Arts & Events

EYE FROM THE AISLE: Becky Shaw at SF Playhouse--a great excuse to cross the bridge.

By John A. McMullen II
Friday February 03, 2012 - 11:09:00 AM
Lauren English, Lee Dolson, Liz Sklar, Brian Robert Burns
Jessica Palopoli
Lauren English, Lee Dolson, Liz Sklar, Brian Robert Burns

It’s sort of annoying when you can’t criticize a play because it’s so good. A baker needs to bake, a critic needs to criticize. That noted, this stymied critic is regaled to remind you that, every so often, there is a reason to cross the bridge. Becky Shaw at SF Playhouse is a great excuse. 

It’s about bigger-than-life women and the men who love them. It may change your consciousness and clarify some ways of the world that we often witness but seldom recognize. 

Damaged people, a dead father, buried secrets, fragile women are all staples of drama back beyond Hamlet. Playwright Gina Gionfriddo took these themes and more in Becky Shaw and with a facility for truth, insight, and witty writing, fashioned a Pulitzer Prize finalist. Her dialogue is full of snipes and wisecracks which cleans the emotional palate so we can take another spoonful of bitterness. 

Damaged people in conflict make good plays. Her characters are distinct and their world view is markedly different, which attracts them to one another and which is a great source of conflict. 

It is a truism that broken, histrionic women whose alternating come-hither/get-away/save-me actions 

(which seem more instinct than strategy) always up the passion and attention of men.  

In the pre-curtain speech, artistic director Bill English said something important beyond, “Turn off your cell phones.” He called theatre an “empathy gym” where you come for an emotional work-out. In this cold, cutting world, where people beg on the streets after six million foreclosures and where assassination and torture are condoned, one has to wear rhino-hide or fall by the wayside. He reminded us that theatre is a place to go to reconnect with being human and work the compassion muscle. 

Then the play turned out to be about empathy, the search for it, and its rarity these days. 

We have two heroines: Suzanna and Becky. Both actresses are tall women and magnetically attractive; their stature highlights their importance in the play.  

Liz Sklar plays psychology grad student Suzanna who is torn between the “manner” to which she has been born, and the possibility of salvation through her idealistic, feminist, ultra-empathetic St. George of a husband Andrew (Lee Dolson) who is out to rescue her from the realist money-managing dragon of her brother-lover Max (Brian Robert Burns). Max is the adopted care-taker of the family and tries to heal them with infusions of reality. As part of his nature and part of his profession, Max has that credit-debit sheet perspective of the world which too often precludes compassion.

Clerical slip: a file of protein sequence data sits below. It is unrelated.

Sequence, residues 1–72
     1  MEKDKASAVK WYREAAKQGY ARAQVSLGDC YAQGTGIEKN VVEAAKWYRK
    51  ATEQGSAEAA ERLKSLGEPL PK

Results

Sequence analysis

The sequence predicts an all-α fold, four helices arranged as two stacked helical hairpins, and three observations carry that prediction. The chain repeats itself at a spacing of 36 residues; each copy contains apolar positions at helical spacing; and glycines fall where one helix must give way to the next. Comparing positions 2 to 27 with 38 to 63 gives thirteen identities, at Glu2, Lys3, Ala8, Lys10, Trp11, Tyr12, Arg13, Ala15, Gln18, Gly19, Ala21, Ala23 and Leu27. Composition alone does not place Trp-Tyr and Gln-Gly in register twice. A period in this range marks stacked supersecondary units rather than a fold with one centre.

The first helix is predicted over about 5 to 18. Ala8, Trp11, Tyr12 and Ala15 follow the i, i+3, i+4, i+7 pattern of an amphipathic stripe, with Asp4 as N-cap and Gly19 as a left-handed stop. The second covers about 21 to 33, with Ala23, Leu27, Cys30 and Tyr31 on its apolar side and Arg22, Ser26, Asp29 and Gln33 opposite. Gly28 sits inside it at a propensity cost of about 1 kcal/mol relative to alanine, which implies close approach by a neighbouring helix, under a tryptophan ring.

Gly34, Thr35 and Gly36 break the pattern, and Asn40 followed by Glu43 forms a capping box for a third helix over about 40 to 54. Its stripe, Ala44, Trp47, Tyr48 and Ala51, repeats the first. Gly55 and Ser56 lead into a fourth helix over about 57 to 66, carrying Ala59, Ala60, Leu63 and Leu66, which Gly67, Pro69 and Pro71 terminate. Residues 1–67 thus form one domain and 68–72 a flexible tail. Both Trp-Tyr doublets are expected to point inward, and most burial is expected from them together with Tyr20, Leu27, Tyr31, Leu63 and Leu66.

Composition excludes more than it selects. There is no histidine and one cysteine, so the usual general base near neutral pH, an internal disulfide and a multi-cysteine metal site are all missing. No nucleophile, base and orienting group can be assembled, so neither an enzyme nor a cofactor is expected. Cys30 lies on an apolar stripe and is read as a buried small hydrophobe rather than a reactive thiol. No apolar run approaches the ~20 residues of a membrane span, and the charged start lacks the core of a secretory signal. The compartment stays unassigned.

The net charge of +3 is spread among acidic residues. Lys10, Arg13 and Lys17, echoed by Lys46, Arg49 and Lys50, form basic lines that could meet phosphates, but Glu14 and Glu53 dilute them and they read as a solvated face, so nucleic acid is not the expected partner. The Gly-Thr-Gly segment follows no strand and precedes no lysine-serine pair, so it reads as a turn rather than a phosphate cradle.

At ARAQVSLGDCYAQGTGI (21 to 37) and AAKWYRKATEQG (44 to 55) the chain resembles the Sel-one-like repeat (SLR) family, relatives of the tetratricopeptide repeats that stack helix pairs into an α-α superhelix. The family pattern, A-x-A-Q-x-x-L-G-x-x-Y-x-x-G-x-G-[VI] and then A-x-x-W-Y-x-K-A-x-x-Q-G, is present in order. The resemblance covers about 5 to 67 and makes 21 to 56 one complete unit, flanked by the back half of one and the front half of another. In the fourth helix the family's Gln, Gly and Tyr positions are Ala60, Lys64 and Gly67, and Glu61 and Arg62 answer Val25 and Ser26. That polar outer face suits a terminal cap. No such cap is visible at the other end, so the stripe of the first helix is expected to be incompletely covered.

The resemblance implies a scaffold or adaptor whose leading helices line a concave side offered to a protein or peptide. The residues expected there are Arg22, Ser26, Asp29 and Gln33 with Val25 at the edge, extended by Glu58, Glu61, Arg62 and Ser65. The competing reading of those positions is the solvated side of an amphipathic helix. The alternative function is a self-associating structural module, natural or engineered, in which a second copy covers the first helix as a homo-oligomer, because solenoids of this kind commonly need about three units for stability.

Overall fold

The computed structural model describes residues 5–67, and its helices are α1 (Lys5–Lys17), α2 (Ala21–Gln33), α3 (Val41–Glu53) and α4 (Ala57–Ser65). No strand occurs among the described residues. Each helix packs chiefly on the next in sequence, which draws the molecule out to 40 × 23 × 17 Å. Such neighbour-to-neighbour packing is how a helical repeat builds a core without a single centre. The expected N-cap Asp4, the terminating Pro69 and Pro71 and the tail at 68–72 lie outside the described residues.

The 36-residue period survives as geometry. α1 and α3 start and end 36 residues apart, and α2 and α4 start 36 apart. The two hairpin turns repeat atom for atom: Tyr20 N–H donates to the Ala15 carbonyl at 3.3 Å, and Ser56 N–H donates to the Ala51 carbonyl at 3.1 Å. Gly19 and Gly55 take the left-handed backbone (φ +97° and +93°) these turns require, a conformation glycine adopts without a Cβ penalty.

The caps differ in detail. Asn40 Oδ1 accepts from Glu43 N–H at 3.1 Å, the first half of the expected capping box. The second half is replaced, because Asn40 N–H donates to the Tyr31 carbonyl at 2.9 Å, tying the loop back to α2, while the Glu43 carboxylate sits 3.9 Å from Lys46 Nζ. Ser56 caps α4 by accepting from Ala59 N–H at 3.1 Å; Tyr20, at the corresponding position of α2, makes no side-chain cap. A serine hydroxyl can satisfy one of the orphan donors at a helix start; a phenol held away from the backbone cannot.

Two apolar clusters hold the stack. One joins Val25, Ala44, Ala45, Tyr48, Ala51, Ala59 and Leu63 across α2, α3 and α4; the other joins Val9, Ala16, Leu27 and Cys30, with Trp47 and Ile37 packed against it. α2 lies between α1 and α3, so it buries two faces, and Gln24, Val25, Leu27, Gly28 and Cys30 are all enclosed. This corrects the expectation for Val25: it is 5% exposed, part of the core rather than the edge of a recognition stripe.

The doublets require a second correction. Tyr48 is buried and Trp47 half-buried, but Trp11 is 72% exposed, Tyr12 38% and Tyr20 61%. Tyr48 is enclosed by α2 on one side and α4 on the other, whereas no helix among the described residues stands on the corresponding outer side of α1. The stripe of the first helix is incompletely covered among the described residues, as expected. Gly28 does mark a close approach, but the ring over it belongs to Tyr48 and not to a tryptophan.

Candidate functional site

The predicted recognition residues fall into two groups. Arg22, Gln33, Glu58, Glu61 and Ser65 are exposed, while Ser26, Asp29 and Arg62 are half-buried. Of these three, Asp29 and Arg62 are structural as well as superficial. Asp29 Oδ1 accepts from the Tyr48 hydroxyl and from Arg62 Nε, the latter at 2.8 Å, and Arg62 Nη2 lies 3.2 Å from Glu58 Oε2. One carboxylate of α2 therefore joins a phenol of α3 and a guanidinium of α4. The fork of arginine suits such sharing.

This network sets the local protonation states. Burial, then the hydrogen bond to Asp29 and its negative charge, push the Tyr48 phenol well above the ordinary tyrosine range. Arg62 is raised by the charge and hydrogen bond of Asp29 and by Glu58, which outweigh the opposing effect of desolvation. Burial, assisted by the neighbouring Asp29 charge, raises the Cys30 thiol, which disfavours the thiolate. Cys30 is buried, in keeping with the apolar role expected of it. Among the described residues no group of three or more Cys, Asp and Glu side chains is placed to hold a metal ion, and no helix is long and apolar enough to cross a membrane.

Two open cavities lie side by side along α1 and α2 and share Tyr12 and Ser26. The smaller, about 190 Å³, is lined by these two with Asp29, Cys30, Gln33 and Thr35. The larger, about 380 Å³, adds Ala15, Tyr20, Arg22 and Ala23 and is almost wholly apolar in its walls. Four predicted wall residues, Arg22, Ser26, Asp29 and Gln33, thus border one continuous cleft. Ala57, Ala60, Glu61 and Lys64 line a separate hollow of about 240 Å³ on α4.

These folks are harsh in the manner that the upper-classes seem to have a corner on. Their home-schooling in cutting remarks and psychological judo seems to insure victory in professional life and mutually assured destruction in their personal ones. Into their circle comes an upstart outsider with chops of her own. The title role is embodied by Lauren English who presents a vulnerable, tearful naïf in an inappropriately revealing dress beneath which may lurk a crocodile.  

The cast of five are all award-worthy. Amy Glazer’s direction makes their engagements hyper-real , full of the non-verbal grimaces, “looks,” and gestures we all use to communicate emotionally, but which are too seldom seen in theatre acting. The timing and rhythms of the repartee and beat changes are impeccable and evidence of a close collaboration between actor and director. 

The play is a little like a biting “Importance of Being Earnest” for a new age with those witty, quotable sayings that fill the play of Oscar Wilde. Lorri Holt, a premier Bay Area actress who created the lead female role in the original Angels in America, can now play mother, and with this vehicle she gets a lot of the good lines. For example, Ms. Holt dispenses this wonderful, cynical Gionfriddo insight and turn of phrase when advising daughter Suzanna, “Be careful about chasing after goodness. When it comes to men, goodness and incompetence often go hand-in-hand.”  

The lighting by Michael Oesch is an object lesson in how to light a small stage with little throw-distance. Everywhere the actors move, they are lit in an almost cinematic way. The look changes subtly from a hotel room to a living room to a café, and captures the luminosity of each separate venue. 

Bill English’s set moves the play along by mysteriously changing the dimensions of the stage in pure entre-scene black-outs so that the illusion is not broken.  

It’s in a small theater up on Sutter, and the walk up from the Powell Street BART offers a prelude with great street theatre vérité.  

BECKY SHAW by Gina Gionfriddo 

Directed by Amy Glazer 

At SF PLAYHOUSE through March 10 

533 Sutter, SF (Jean Shelton Theatre) or (415) 677-9596 

Set by Bill English, Lighting by Michael Oesch, Sound by Steve Shoenbeck, Costumes by Miyuki Bierlien, Sound by Gregg Schilling 

With: Brian Robert Burns*, Lee Dolson, Lauren English*, Lorri Holt*, Liz Sklar* (*AEA)